News Web site The Complete Colorado revealed “fingerprints” of a “pay-to-play agenda” when Abound received its conditional approval in September 2010. Wealthy philanthropist Pat Stryker, whose Bohemian Companies has significant investment in Abound, donated $475,599 to federal Democrat candidates and causes over the 2008 to 2012 election cycles, according to the Center for Responsive Politics. Included in that amount is $11,900 in maximum contributions to President Obama’s two campaigns for the White House. Stryker also was an $87,500 bundler for the president’s Inaugural Committee, the People’s Press Collective discovered, and donated $50,000 herself. The Sunlight Foundation reported that she gave $35,800 to the 2012 Obama Victory Fund. In October 2009 Stryker also visited a former assistant to the deputy chief of staff at the White House, Kristin Sheehy, who also hosted several visits from SEIU president Andy Stern. The purpose of Stryker’s visits is undisclosed.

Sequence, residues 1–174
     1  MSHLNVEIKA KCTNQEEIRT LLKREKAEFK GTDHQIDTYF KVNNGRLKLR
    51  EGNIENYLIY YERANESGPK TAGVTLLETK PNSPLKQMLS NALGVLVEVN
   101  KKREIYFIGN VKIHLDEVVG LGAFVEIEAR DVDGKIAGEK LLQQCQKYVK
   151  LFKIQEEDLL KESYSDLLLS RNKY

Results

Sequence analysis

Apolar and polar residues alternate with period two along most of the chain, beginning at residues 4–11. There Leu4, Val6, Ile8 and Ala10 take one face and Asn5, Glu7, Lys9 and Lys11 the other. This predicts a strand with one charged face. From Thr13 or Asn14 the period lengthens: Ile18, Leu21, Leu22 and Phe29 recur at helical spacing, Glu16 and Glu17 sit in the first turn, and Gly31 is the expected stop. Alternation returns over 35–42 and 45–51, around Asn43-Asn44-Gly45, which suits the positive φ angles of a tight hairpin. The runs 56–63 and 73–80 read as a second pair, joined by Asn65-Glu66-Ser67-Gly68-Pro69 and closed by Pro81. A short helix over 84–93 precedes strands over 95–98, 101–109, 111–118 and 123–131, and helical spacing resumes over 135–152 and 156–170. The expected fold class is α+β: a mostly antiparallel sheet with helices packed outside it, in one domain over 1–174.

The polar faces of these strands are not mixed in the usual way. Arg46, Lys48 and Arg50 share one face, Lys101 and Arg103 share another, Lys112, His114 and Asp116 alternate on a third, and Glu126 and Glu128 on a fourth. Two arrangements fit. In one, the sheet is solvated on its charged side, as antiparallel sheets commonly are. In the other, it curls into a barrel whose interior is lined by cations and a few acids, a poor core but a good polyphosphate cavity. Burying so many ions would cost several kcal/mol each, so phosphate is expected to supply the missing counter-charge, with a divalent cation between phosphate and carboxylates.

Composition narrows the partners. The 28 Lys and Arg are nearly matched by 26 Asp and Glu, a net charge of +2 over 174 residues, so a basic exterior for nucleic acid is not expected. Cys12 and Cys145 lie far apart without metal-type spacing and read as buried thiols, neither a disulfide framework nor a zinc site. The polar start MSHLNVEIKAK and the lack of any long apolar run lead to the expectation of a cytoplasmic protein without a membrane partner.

Stryker is known to have contributed millions of dollars to Democrat candidates for state and federal office in her lifetime. Among those are gifts to former U.S. Rep. Betsy Markey, whose district includes the Abound facility – $9,400 made up of max contributions for her 2008 and 2010 successful runs for office. Abound helped pay for ads in 2009 that thanked Markey for voting for the cap-and-trade bill that passed the House that year, which would have benefited renewable energy companies. And according to the Fort Collins Coloradoan, Markey also pushed for approval of the loan guarantee for Abound.
“Without the loan guarantees, they would not be able to really move forward on this project,” Markey told the newspaper. “It’s seed money that’s going to be fully paid back by Abound.”